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Adelson Galleries, Inc.

Lilian Westcott Hale

Book of Verses

Book of Verses, 1924
29 x 23 inches
Signed at upper right: Lilian Westcott Hale

29 x 23 inches



(possibly) 23rd Annual Watercolor Exhibition, Pennsylvania Academy of the Fine Arts, November 8 – December 13, 1925

(possibly) 9th Annual Exhibition, Concord Art Association, Massachusetts, May 3 – July 1, 1925

The Sixth International Watercolor Exhibition, The Art Institute of Chicago, May 3 – 30th, 1926, No. 87 as Book of Verses


Lilian Westcott came to Boston after William Merritt Chase encouraged her to further pursue her studies in fine art. She had attended Chase’s Summer School in Shinnecock, Long Island, while a student of the Hartford Art School in 1899, and then followed his suggestion to enter the School of the Museum of Fine Arts in Boston. She enrolled in an advanced painting class with Edmund Tarbell and in 1901 was first introduced to faculty member Philip Hale, whom she married just a year later. Philip was fifteen years her senior and already a well-established professional artist and teacher in the Boston area. Acting as her mentor, Philip encouraged and supported Lilian’s considerable talent, and in 1905 they moved into two adjacent studios at the Fenway Studios on Ipswich Street, numbers 210 and 211.

Hale’s work flourished after completing her studies at the Museum School. In 1908, she held her first solo exhibition comprised entirely of drawings at Rowlands Gallery in Boston, and was applauded by collectors and artists alike for her carefully drafted charcoal and pastel compositions. Hale sold a number of the drawings to fellow artists, including William Paxton, Gretchen Rogers, the sculptor Bela Pratt, and her own teacher Edmund Tarbell, who remarked: “Your drawings are perfectly beautiful – as fine as anything could be. They belong with our old friends Leonardo, Holbein and Ingres, and are to me the finest modern drawings I have ever seen.” Just a few months later, Hale would give birth to the couple’s only child, Nancy, who naturally became one of her parents’ favorite muses and posed for a number of drawings and paintings throughout her childhood.

In 1912, the Hale family moved into a Colonial Revival farmhouse in Dedham, Massachusetts, where they converted a large parlor into a multi-windowed studio for Lilian. The home, which they called “Sandy Down,” served as a setting for many of Hale’s interior scenes, and even her neighborhood landscape and its occupants became her subjects. In addition to her charcoal drawings, she produced a number of figural paintings and was particularly praised for her expressive portraits of children, executed in a manner characteristic of the Boston School tradition, often with a granulated surface reminiscent of pastel work. By her teens, Nancy continued to serve as a model but asked to be shown reading, allowing her to pursue a favorite pastime over the long hours these sessions required. While the young lady in A Book of Verses is not clearly identified, it could show a sixteen-year-old Nancy seated in a wicker chair in front of the hearth of their Dedham residence. The carefully-arranged composition offers a pleasing balance of curved and straight lines while the spare use of knickknacks reflects the simplicity of the Hales’ décor and the artist’s own New England roots. These elements, along with the figure’s dress and faraway gaze, instill the scene with a sense of nostalgia for the past. According to a letter from the artist to Robert C. Vose, the painting was sent to Vose Galleries for sale in 1924, and two years later it was included in the Art Institute of Chicago’s Sixth International Exhibition of Watercolor Paintings.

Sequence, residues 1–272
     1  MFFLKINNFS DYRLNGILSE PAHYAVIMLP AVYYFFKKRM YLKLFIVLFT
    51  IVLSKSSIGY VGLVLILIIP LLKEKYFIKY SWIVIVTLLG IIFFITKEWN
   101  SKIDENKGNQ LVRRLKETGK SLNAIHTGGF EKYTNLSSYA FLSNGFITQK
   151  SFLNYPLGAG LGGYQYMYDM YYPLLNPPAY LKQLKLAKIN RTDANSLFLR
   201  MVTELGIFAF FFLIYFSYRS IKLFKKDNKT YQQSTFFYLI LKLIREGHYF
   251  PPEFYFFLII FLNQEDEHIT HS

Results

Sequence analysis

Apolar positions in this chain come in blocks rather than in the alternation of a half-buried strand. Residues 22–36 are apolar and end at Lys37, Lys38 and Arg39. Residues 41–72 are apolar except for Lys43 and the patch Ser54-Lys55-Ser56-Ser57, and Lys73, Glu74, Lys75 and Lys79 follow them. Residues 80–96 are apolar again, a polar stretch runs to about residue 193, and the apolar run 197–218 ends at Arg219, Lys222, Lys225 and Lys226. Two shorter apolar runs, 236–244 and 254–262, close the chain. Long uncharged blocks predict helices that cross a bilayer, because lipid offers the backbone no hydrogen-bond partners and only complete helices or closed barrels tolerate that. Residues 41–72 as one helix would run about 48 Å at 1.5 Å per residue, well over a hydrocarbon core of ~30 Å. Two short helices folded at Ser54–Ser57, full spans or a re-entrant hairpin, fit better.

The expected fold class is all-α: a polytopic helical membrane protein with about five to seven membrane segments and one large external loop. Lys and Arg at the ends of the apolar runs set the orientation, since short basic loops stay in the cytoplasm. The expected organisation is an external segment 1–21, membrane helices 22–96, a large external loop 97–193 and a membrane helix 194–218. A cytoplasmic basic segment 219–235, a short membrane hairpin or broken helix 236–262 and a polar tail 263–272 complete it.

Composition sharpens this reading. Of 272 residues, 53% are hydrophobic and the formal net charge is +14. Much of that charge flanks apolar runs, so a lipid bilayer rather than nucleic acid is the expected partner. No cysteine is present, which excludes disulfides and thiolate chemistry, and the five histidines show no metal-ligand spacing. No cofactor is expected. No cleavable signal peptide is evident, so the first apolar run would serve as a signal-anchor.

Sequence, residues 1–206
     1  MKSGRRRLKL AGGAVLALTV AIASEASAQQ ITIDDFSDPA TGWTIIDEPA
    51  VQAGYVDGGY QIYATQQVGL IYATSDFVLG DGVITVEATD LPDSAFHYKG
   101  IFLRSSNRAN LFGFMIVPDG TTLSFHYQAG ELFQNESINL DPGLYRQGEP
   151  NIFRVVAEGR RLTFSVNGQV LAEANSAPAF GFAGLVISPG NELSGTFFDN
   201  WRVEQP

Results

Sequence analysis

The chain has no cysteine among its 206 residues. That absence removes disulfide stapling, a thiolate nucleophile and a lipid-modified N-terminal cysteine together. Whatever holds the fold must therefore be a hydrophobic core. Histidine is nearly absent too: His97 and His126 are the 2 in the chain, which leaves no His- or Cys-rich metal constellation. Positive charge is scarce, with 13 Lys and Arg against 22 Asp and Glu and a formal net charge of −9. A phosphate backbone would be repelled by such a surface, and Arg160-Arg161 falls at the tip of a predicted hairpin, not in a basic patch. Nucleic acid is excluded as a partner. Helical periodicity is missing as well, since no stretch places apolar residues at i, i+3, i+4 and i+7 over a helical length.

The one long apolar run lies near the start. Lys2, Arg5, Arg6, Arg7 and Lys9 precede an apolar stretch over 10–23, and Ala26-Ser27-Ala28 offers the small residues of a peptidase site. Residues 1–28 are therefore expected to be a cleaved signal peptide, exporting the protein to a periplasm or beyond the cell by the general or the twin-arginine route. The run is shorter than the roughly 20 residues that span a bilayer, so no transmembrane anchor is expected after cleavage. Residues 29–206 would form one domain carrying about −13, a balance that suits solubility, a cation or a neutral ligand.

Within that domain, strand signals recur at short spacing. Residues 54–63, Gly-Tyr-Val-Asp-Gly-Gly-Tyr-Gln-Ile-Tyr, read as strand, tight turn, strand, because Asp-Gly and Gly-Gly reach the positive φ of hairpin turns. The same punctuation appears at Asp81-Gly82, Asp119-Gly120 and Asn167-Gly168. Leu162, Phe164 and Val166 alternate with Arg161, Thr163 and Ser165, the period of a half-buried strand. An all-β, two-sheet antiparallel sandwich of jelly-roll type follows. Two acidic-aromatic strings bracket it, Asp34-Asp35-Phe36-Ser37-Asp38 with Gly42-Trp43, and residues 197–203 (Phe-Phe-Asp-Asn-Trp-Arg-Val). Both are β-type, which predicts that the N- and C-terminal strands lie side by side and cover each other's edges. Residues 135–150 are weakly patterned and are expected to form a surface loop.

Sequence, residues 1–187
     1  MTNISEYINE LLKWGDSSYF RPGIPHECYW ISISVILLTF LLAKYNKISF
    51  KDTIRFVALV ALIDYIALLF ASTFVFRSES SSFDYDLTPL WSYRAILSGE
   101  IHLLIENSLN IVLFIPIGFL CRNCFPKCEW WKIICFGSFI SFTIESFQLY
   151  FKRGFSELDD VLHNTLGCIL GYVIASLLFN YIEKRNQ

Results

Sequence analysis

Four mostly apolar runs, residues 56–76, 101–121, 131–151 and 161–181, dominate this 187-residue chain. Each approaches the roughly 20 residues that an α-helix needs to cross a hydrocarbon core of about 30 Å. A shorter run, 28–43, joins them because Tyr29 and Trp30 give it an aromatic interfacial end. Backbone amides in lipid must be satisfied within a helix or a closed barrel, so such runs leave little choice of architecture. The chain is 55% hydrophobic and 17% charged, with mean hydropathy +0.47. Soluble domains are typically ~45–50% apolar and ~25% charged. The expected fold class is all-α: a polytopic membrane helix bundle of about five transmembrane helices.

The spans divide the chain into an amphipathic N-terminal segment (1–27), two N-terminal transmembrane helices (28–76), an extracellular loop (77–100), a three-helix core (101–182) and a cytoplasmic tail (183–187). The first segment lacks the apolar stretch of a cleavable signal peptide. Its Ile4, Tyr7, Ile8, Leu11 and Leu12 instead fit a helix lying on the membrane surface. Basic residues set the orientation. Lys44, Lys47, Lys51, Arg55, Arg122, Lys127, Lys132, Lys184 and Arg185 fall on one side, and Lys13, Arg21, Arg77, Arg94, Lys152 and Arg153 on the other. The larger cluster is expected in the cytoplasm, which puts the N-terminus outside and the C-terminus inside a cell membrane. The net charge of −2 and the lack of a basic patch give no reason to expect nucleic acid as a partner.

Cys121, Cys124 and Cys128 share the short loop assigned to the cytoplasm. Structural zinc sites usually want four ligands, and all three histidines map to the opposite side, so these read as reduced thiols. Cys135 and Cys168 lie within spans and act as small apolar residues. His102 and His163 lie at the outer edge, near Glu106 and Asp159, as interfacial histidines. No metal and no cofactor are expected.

A devoted mother, Lilian still managed to show her work extensively at a number of local and national venues, including the Guild of Boston Artists, the St. Botolph Club, the Copley Society and the Boston Art Club, as well as the Arlington and Grand Central Art Galleries in New York. Among her many awards was a bronze medal in the Buenos Aires International Exhibition in 1910, a gold medal and medal of honor for drawing in the Panama-Pacific Exposition in 1915, the Pennsylvania Academy of the Fine Arts’ Beck prize in 1923, and prizes from the National Academy of Design in 1924 and 1927. She was granted full membership to the National Academy in 1931, however, sadly, her husband died that same year and this event greatly depleted her ambition. As she grew older, Lilian contentedly worked on portraits of her family, often summering in Rockport, Massachusetts, with her sister-in-law Ellen Day Hale and finally settling in Virginia in 1955 to be closer to her daughter during the last years of her life.